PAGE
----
Tea Party makes a quick mark in Congress

WASHINGTON Fri Feb 11, 2011 2:17pm EST

With tea bags hanging from her hat, Tea Party member Martha Stamp of Wakefield, Rhode Island, attends the 38th annual Conservative Political Action Conference (CPAC) in Washington February 10, 2011. REUTERS/Kevin Lamarque

With tea bags hanging from her hat, Tea Party member Martha Stamp of Wakefield, Rhode Island, attends the 38th annual Conservative Political Action Conference (CPAC) in Washington February 10, 2011.

Credit: Reuters/Kevin Lamarque

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WASHINGTON (Reuters) - Tea Party conservatives -- those budget-cutting, anti-establishment activists who shook up the Republican Party last year -- have a message for congressional leaders: We weren't kidding.

The Tea Party won its first big victory in Congress on Thursday, forcing House of Representatives Republican leaders to make deeper spending cuts than they planned and setting up a showdown with the White House and Democratic-led Senate.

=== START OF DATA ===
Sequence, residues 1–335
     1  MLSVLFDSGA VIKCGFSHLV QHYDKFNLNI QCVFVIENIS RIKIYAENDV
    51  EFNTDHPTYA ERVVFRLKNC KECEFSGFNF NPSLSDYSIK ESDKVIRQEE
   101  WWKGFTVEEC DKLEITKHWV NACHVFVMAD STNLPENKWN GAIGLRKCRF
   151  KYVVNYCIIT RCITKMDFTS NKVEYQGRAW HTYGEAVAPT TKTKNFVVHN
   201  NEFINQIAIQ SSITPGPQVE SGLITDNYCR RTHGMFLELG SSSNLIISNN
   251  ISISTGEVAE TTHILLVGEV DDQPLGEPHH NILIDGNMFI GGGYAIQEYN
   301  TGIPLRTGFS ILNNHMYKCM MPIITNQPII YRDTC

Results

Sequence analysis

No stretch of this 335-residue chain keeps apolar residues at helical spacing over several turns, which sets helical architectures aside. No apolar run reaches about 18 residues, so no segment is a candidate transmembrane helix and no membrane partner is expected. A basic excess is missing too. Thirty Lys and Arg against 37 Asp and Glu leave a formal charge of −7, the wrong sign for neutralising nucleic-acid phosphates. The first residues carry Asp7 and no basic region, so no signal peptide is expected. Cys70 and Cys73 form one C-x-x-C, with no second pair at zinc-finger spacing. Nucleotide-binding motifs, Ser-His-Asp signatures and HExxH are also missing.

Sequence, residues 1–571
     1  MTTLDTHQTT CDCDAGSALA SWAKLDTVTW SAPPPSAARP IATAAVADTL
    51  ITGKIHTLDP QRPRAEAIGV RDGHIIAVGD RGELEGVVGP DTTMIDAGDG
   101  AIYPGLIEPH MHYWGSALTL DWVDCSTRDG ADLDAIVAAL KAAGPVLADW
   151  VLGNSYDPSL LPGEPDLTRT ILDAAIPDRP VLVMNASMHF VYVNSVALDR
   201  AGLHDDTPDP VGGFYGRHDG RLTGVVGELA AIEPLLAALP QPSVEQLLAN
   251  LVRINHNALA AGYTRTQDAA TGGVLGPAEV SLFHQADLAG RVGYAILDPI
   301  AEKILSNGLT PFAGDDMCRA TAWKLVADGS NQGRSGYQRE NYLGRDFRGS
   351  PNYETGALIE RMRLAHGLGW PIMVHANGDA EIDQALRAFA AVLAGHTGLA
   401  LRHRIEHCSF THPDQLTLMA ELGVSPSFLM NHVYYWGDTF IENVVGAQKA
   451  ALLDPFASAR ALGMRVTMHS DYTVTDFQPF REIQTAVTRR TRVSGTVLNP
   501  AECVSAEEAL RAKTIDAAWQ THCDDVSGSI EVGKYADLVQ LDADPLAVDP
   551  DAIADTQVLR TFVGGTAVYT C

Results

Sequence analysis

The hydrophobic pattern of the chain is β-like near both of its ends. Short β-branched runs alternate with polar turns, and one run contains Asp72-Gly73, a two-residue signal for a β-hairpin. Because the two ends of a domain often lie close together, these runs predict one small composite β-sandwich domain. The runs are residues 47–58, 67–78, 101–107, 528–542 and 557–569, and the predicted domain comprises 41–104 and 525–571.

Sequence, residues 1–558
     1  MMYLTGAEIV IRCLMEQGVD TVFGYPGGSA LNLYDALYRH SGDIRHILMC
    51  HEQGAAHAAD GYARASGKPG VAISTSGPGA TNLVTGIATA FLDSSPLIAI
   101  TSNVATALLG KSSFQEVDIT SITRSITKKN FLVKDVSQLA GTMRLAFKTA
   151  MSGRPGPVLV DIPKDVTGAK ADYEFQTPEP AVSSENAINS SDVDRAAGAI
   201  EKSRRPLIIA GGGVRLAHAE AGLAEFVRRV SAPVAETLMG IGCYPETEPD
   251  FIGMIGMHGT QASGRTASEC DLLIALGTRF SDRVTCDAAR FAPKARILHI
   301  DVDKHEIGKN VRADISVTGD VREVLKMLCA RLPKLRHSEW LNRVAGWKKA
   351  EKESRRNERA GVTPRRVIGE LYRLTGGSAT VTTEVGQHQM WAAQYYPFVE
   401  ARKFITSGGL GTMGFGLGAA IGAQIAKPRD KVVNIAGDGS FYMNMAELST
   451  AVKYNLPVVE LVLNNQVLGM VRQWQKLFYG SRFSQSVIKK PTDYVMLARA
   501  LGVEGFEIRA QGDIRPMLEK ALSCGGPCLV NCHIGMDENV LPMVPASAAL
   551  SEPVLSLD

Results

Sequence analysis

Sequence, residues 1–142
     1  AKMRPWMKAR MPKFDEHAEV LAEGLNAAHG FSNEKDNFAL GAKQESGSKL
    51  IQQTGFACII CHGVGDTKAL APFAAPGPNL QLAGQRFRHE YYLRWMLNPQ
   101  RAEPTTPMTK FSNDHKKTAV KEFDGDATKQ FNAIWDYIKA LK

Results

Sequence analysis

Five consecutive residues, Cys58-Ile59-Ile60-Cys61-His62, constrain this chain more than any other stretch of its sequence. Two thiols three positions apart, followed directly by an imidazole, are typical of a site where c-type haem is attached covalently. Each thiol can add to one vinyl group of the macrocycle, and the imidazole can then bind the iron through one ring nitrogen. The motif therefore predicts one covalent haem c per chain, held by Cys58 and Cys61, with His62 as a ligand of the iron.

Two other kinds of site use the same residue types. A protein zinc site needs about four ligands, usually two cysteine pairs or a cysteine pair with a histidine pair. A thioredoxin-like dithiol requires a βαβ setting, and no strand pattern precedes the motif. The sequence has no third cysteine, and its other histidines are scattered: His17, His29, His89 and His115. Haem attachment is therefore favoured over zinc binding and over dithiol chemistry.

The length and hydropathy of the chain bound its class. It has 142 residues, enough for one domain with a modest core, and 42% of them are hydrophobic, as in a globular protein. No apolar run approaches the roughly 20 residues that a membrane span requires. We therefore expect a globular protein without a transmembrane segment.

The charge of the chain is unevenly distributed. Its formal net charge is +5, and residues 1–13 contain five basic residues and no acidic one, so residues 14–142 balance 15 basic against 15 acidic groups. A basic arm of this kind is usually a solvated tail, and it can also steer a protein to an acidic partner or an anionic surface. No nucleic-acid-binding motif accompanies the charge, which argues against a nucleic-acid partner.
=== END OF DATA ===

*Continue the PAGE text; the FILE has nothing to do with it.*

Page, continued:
Earlier in the week, Republican leaders suffered a series of setbacks in House floor votes after a rebellion by the Tea Party members who helped carry them to a majority in November's elections.

The events highlighted the potency of the anti-authoritarian Tea Party movement, and underlined the difficulties House Republican leaders face in controlling their new ideologically driven members.

"The real fight here is between Republicans and Republicans, not Republicans and Democrats," said budget expert Stan Collender, a former congressional staffer.

"The question is at what point will the Tea Party folks be satisfied? I don't think anybody can tell that yet."

On Thursday, House Appropriations Committee Chairman Hal Rogers, a Republican, agreed to rip up his spending plan and deepen the proposed cuts in a victory for fiscal conservatives aligned with the Tea Party.

Rogers had warned the deeper cuts, which meet a Republican campaign promise to trim $100 billion from the budget that President Barack Obama proposed last year, could force airport closures, layoffs at the FBI and other harsh disruptions.